Catholic bishops from around the world commenced a meeting last month in Rome to address the issue of clergy sexual abuse of minors. In the days leading up to the conference, another layer in this crisis emerged and was acknowledged by Pope Francis: sexual abuse of nuns in Africa by priests.
As an adult female victim of sexual abuse by a Catholic priest — abuse that occurred across international borders — I want to share my story.
In November 2012, I was 22 years old and headed to Tanzania, Africa, to do missionary work for the Catholic Diocese of Geita. On my second day in the country, a Catholic priest attempted to rape me at a diocesan-run hotel and conference center (known as TEC) in the capital of Dar es Salaam (Dar), where I was temporarily staying. After my perpetrator locked us in my hotel room, he eventually fled the scene after I began yelling and let out cries for help.
While there were three priests I was acquainted with that day who had taken me to experience Tanzanian culture and see the city of Dar, only one priest was responsible for the physical assault.
I was shocked, intimidated, confused, jet-lagged and completely alone in a foreign country. I didn’t speak the local language and had no idea how to report the incident to local authorities.
The situation itself was complicated: My assault occurred in the Diocese of Dar es Salaam (Dar), the country’s capital, but it was not my final destination. Although my abuser was working at TEC at the time, he was not a priest of the Diocese of Dar, but of the Diocese of Singida, an entire day’s journey away. He was also teaching at a seminary part time, entrusted with forming young priests.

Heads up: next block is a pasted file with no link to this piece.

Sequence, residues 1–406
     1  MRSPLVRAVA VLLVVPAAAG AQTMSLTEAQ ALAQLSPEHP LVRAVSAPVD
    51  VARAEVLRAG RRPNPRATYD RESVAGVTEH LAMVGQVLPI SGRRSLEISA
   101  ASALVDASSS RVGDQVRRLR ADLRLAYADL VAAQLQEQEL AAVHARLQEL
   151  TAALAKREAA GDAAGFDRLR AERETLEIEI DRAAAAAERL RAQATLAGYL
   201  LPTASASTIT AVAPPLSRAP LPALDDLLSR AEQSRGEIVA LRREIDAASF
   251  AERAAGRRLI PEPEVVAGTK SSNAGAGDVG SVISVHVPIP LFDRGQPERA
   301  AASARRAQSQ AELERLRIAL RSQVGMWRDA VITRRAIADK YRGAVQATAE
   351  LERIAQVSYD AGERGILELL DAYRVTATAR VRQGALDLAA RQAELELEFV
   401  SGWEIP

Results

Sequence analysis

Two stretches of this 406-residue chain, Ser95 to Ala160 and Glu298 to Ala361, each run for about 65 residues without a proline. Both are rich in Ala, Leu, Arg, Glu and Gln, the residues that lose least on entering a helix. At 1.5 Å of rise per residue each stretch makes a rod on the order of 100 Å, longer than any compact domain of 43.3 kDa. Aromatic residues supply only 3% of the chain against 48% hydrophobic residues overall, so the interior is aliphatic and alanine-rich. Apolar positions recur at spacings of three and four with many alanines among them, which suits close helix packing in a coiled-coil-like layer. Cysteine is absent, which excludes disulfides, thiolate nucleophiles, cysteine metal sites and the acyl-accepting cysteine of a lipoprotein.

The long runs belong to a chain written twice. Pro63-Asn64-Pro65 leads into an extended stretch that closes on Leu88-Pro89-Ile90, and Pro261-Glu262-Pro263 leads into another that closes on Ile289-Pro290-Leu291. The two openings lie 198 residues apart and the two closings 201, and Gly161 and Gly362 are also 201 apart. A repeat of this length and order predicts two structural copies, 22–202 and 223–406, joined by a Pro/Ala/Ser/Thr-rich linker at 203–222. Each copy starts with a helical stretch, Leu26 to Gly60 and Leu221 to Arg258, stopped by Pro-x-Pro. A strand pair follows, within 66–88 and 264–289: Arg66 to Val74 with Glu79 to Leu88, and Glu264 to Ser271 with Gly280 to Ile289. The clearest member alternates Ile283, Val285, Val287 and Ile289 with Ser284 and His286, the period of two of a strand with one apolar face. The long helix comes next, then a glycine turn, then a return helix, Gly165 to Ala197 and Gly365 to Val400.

I was overwhelmed, with no idea where to turn. I left the next day, sticking to the only plan I had, and traveled by plane, boat and bus to my final destination.
I stayed in Tanzania for the next six months doing mission work. During those months, after receiving my phone number from a fellow priest, my abuser continued to contact me via phone call and text message, professing his love and affection for me.
While in Tanzania, I mustered the courage to tell a friend back home what had happened. My friend connected me with a priest in the United States who supported me through the ordeal. He was the first to inform the bishop’s office in Dar about the incident.
Shortly before I left Tanzania for home, I received an odd visit from a priest who had been responsible for my safety while I was in Dar (different from my perpetrator). He traveled to Geita, supposedly to ask my help on his U.S. graduate-school application. He lied. Although the bishop of Dar had sent him to find out if the incident was true, the priest sought to convince me to remain silent about it, to protect himself, my abuser, and fellow priests who were present that day although were not present at the time of the incident.